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Mis-timed mutiny created PC predicament

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One year ago today, then-Manitoba premier Brian Pallister was told during a government caucus retreat in Brandon he had lost the confidence of his caucus, and that he would be removed as Progressive Conservative party leader if he did not step down.

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Opinion

One year ago today, then-Manitoba premier Brian Pallister was told during a government caucus retreat in Brandon he had lost the confidence of his caucus, and that he would be removed as Progressive Conservative party leader if he did not step down.

With the writing on the wall, Pallister announced the next day that “After almost 10 years as leader of our party and more than five years as our province’s premier, I believe that now is the time for a new leader and a premier to take our province forward.”

“I don’t think there’s a better time than now for me to step aside,” he added.

FILE - David Lipnowski/THE CANADIAN PRESS

Brian Pallister waves after announcing on Aug. 10, 2021 that he would be stepping down as Manitoba’s premier.

Pallister formally resigned as premier at the end of last August and stepped down as MLA for the Fort Whyte riding a few weeks later. He has since vanished from the province’s political radar.

While his sudden resignation as premier was unexpected by the public, it was the final act of a mutiny that had been months in the making – a scheme orchestrated to put Tuxedo MLA Heather Stefanson in the premier’s chair.

The plan gained momentum from the results of a Probe Research poll a few weeks earlier, which revealed support for the governing PCs had plunged to 29 per cent province-wide, and just 22 per cent within Winnipeg. With numbers like that, the government would be wiped out in the next election.

Then came Pallister’s widely condemned response to the Canada Day protest that occurred on the legislative building grounds. That led to the resignation of respected Indigenous-relations minister Eileen Clarke, who made it clear Pallister’s comments had played a key role in her decision to step down.

With Clarke’s departure, Pallister’s fate was sealed. Other members of caucus and cabinet quickly distanced themselves from his remarks. Weeks later, he was given the choice of walking the plank or being shoved.

One year later, it’s easy to see the chain of events that resulted in Pallister’s removal and the installation of Stefanson as premier. Far less clear, however, is whether the scheme to replace Pallister with Stefanson was the smart move for the PC caucus to take at that time.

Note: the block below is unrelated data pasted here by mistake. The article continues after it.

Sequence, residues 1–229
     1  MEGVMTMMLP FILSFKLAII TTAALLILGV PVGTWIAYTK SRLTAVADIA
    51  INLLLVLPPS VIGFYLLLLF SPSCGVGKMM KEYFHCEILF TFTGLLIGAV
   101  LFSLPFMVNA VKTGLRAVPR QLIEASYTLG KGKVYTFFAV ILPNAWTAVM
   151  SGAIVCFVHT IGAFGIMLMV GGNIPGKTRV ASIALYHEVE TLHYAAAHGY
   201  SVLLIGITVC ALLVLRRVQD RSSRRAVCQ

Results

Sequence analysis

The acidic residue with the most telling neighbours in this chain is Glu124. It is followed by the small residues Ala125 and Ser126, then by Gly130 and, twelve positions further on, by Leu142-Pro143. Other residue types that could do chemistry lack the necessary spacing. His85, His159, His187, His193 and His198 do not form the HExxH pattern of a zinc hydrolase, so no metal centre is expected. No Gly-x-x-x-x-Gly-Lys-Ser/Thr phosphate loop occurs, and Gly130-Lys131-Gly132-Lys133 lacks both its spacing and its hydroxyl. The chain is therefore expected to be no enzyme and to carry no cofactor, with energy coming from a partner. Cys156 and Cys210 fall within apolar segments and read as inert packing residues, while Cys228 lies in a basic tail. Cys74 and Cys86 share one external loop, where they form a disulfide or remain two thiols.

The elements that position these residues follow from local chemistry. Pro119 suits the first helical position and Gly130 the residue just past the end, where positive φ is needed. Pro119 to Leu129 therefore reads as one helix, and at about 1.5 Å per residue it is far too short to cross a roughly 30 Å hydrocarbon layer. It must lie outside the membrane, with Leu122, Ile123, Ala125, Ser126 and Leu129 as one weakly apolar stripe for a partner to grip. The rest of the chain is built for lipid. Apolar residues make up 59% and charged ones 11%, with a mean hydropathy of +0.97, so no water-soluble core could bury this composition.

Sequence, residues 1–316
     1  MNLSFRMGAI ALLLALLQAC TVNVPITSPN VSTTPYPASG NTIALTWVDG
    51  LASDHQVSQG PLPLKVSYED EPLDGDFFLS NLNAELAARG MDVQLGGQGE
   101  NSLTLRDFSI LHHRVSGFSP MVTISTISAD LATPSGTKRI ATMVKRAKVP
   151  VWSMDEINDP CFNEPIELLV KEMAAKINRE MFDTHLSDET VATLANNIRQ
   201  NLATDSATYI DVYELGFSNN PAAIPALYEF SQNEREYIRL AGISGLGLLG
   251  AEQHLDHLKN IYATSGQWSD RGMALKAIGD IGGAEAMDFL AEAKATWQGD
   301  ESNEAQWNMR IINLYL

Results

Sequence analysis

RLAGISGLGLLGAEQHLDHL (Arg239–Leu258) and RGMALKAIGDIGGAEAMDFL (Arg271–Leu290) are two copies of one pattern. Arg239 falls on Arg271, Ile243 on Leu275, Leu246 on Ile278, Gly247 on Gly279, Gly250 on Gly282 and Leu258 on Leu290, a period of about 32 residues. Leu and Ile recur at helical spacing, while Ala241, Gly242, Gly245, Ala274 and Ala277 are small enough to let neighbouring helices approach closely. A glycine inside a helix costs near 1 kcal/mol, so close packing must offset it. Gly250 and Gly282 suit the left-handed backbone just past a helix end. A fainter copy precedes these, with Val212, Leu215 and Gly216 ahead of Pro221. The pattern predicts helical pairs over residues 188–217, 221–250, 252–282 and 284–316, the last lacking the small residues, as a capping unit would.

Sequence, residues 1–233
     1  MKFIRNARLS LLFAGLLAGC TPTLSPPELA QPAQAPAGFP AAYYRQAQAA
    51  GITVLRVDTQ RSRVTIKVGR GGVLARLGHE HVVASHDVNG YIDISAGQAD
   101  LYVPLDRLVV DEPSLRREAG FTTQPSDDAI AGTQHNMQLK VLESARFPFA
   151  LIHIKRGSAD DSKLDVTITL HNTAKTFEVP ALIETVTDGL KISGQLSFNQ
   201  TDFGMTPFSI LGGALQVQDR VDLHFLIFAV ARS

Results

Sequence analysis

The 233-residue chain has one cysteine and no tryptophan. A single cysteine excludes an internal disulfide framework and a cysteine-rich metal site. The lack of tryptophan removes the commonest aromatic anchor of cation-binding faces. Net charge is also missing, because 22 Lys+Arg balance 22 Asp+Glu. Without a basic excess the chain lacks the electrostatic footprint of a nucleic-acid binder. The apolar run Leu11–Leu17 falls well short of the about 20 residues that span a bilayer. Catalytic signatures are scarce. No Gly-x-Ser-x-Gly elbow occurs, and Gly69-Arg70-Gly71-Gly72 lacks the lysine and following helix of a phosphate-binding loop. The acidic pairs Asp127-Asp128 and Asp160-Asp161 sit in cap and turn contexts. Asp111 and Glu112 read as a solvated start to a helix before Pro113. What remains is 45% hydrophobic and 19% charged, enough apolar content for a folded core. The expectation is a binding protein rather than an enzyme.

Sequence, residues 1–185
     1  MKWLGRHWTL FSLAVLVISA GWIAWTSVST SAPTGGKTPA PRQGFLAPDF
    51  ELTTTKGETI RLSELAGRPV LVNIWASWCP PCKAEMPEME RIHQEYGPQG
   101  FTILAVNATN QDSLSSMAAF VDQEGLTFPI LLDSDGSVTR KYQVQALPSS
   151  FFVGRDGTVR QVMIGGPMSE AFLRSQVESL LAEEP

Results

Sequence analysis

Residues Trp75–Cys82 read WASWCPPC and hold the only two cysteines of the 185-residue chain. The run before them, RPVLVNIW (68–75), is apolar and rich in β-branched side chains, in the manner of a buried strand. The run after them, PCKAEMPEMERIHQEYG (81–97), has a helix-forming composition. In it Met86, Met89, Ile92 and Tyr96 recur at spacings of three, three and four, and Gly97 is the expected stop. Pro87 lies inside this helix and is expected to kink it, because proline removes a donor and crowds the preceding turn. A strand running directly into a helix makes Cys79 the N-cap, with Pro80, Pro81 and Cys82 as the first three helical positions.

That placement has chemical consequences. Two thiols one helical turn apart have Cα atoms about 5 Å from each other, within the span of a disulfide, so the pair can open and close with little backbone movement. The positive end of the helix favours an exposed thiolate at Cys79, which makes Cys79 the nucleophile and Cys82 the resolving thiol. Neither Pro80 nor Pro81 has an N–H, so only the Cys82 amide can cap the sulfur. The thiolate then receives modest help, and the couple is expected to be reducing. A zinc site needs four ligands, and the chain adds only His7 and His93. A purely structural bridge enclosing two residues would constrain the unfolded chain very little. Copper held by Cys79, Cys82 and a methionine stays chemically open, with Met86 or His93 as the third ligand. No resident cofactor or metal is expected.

With the benefit of hindsight, there is ample evidence to suggest it wasn’t.

A poll conducted in June by the Angus Reid Institute found just 22 per cent of Manitobans approve of Stefanson’s performance as premier. That’s 11 points lower than Pallister’s approval rating in June of last year.

A Probe Research poll in June found that a whopping 44 per cent of respondents “strongly disapprove” of Stefanson’s performance, while another 16 per cent “moderately disapprove.” Just four per cent “strongly approve.”

That same poll found that Stefanson’s Tories trailed the NDP by a 45-35 margin province-wide, and by a 52-25 margin in Winnipeg. Within the margin of error, those numbers are about the same as Probe found in March of 2021. In other words, the government has no better chance of being re-elected with Stefanson as leader than it would have had under Pallister.

But here’s the thing: Pallister had already announced he would be stepping down as Tory leader before the next election. The only question was when that would happen.

By controlling the timing of his departure, he was positioning himself to take all the blame for his government’s handling of the pandemic, education reform, labour relations and Crown corporations. It would have handed a new leader a clean slate going into the next election, giving the government its best chance of re-election.

Some obvious questions arise from those facts: what was the urgency to oust Pallister, when the next election was still more than two years away, and it was already known that he would be stepping down before the election?

On what basis did caucus believe Stefanson could improve the government’s chances of re-election? As deputy premier for almost five years, she was the former premier’s most trusted lieutenant. Her fingerprints are on every decision made by the PC government since it assumed power.

With the government still wallowing in the polls, the election just 14 months away and Stefanson even less popular than Pallister was at the end of his tenure, what does the PC caucus do now?

Is it time for yet another mutiny?

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Twitter: @deverynross

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